button.eventAction().addListener(this, "doActionA");
    button.eventAction().addListener(this, "doActionB");
    button.eventAction().addListener(this, "doActionC");
    button.eventAction().addListener(this, "doActionD");
}

public void doActionA()
{
    // A simple method with no parameters.
}

public void doActionB() throws Exception
{
    // A simple method which can throw *any* exception.
}

public void doActionC(UIActionEvent pActionEvent)
{
    // A method with the correct signature.
}

public void doActionD(UIActionEvent pActionEvent) throws Exception
{
    // A method with the correct signature which can throw *any* exception.
}

This scheme allows us to wire up basically any method to the event, and even to wire the same method to different events. Behind the scenes there is some reflection magic going on which I won't describe here, but with Lambdas entering the stage this changes quite a bit. The good thing about Lambdas is that they are fitting neatly into the already existing interface structure, so you can replace any interface implementation which has only one method with a lambda.

That means that you can do something like this:

private void initializeUI()
{
    button.eventAction().addListener(this::doActionA);
}

private void doActionA(UIActionEvent pActionEvent) throws Exception
{
    // The correct implementation.
}

But if you wanted to use a method without parameters you were out of luck until now, because listener interfaces always expect a parameter. With 2.4 there will be a new interface, called IRunnable, which provides a method which does not accept any parameter and can throw any exception and the EventHandler will also accept listeners which implement this interface. That means that the scheme outlined above is now fully possible with lambdas.

private void initializeUI()
{
    button.eventAction().addListener(new UIActionListener() { ... });
    button.eventAction().addListener(this::doActionA);
    button.eventAction().addListener(this::doActionB);
    button.eventAction().addListener(this::doActionC);
    button.eventAction().addListener(this::doActionD);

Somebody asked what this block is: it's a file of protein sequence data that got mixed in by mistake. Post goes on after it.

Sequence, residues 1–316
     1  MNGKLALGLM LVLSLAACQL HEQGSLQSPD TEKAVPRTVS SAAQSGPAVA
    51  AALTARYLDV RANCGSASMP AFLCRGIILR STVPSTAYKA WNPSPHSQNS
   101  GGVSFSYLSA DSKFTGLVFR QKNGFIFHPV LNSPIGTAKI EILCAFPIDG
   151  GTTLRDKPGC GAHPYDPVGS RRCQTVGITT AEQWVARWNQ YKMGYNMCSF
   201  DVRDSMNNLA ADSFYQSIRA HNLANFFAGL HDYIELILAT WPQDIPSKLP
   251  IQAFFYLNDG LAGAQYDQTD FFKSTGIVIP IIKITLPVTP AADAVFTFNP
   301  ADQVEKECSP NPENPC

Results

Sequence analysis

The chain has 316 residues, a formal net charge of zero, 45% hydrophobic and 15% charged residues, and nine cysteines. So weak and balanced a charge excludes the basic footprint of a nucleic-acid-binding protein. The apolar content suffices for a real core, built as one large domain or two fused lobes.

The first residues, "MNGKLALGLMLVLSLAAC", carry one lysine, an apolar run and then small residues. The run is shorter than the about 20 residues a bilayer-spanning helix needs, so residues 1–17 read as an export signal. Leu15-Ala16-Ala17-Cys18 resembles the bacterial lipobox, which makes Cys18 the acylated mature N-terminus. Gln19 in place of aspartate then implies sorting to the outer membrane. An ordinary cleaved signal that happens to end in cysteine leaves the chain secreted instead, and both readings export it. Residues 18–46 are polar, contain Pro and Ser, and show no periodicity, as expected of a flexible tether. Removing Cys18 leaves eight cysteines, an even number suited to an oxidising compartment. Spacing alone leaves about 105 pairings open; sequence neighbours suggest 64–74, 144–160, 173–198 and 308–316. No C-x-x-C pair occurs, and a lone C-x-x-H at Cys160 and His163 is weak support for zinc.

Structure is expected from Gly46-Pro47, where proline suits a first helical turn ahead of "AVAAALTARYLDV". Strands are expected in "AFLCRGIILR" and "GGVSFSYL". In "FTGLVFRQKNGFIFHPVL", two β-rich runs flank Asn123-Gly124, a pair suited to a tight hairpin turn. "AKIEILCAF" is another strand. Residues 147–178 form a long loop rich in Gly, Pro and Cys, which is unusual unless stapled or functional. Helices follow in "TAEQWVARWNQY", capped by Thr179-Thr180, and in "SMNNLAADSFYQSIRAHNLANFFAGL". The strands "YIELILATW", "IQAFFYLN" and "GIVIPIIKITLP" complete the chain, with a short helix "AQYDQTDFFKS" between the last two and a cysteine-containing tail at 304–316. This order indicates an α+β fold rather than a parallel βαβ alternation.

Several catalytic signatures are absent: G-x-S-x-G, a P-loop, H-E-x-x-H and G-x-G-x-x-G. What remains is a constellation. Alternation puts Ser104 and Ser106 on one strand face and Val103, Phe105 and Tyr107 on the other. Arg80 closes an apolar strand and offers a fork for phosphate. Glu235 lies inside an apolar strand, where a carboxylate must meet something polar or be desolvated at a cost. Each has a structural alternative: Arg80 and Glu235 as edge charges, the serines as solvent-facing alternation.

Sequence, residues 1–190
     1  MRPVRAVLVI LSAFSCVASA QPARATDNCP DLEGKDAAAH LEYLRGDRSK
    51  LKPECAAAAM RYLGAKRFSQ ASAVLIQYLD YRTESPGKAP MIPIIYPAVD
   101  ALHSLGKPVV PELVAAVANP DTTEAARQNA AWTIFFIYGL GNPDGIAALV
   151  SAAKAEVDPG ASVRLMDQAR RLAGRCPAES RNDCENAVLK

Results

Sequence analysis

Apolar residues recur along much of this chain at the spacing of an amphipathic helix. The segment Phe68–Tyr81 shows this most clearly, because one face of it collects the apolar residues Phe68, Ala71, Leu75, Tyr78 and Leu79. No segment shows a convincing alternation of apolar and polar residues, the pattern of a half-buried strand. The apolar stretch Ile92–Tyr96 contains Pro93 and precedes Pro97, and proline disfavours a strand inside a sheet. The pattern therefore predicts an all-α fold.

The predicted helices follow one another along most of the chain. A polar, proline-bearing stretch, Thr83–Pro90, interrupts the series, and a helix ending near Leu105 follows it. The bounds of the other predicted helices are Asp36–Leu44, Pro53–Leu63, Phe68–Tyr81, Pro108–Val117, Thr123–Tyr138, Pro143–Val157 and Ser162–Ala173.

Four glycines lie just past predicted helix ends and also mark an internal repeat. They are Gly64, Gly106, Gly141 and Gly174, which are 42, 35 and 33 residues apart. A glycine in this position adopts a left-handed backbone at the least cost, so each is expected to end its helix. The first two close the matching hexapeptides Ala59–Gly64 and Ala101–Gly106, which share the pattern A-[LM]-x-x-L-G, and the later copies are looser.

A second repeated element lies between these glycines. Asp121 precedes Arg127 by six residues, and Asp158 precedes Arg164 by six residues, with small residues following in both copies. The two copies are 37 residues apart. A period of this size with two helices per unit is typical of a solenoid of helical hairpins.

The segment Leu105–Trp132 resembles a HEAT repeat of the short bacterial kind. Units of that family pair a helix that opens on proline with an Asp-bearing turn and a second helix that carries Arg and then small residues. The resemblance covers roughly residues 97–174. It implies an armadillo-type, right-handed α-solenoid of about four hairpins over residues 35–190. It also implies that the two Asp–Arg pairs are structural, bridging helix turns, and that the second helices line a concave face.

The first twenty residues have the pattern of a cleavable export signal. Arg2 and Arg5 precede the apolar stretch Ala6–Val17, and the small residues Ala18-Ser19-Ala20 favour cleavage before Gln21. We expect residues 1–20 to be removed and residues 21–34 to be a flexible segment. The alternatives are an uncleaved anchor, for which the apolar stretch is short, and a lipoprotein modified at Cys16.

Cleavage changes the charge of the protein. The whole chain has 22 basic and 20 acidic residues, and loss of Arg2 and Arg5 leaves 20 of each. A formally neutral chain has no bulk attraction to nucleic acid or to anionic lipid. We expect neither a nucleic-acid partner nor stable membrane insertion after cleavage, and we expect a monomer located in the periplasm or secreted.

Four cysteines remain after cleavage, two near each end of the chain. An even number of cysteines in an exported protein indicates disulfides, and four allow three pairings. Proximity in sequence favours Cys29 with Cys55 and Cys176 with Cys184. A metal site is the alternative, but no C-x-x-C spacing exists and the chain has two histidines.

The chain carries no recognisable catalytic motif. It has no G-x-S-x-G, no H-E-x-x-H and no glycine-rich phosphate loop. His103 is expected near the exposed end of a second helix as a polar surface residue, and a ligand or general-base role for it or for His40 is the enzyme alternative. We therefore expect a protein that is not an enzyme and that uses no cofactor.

}

private void doActionA()
{
    // A simple method with no parameters.
}

private void doActionB() throws Exception
{
    // A simple method which can throw *any* exception.
}

private void doActionC(UIActionEvent pActionEvent)
{
    // A method with the correct signature.
}

private void doActionD(UIActionEvent pActionEvent) throws Exception
{
    // A method with the correct signature which can throw *any* exception.
}

And more good news, did you notice that the visibility of these methods changed from public to private? With the new Lambda scheme these methods no longer need to be public, they can have any visibility and will still work as intended.

So JVx 2.4 is the release when it comes to Lambda support, and everyone who has the possibility to already use Java 8 can now enjoy full support for them.

Our nice JavaFX mobile applications

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Our (research) projects with JavaFX are almost finished. We have awesome results and everything is production ready. The only drop of bitterness is the performance of JavaFX on desktops and mobile devices, but this can be improved by Oracle. It's not in our hands.

What do we have?

We have

  • a complete JavaFX UI for JVx
  • a custom application frame for mobile applications
  • Live CSS manipulation of installed apps (needs debug build)
  • Complete Project export for JavaFX mobile projects (JavaFXPorts based gradle project),
    integrated in upcoming VisionX 2.3
  • Remote Work-screen loading (via VisionX)
  • JVx server runs without limitations on mobile devices
  • JVx client runs on mobile devices (for network clients)

How does it look like?

I have some screenshots from two applications. The first one is a standalone JVx application. The whole JVx framework runs on the mobile device. The app is a remote control for our eTV project (it's a brand new side project of our research team).

The app was inspired by MS Metro style ... Windows8 style ... Modern ... Universal ... Windows Store ... Windows apps.

The main screen has some buttons to control our eTV and some buttons open a "popup" with additional options:

eTV Dashboard

eTV Dashboard

eTV Window view

eTV Window view

eTV Gallery

eTV Gallery

The second app will be shown as Video, because we want to demonstrate how we use VisionX to create backoffice apps in under 5 minutes! The app itself isn't complex and does "nothing special", but the same mechanism works for complex applications like our Demo ERP system (read our Code once. Run anywhere post).

Our JavaFX mobile project was based on the great work of Gluon and their JavaFXPorts OpenSource project and also on RoboVM.

JavaFX mobile LIVE CSS hacking



(The video lasts 05:19 but it should be 07:30 because the build process takes 02:50. We shortened the build process because it's boring to wait.)

The future of JavaFX?

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After one year of JavaFX development, we thought it's time to write about our experience.

We started in Nov. 2014 with our first bigger JavaFX tests. The idea was an UI implementation for JVx. We thought it should be an easy task because JavaFX is a desktop technology. We had another research project in 2012, but the result wasn't as expected. Sometimes it's a good idea to re-start from scratch!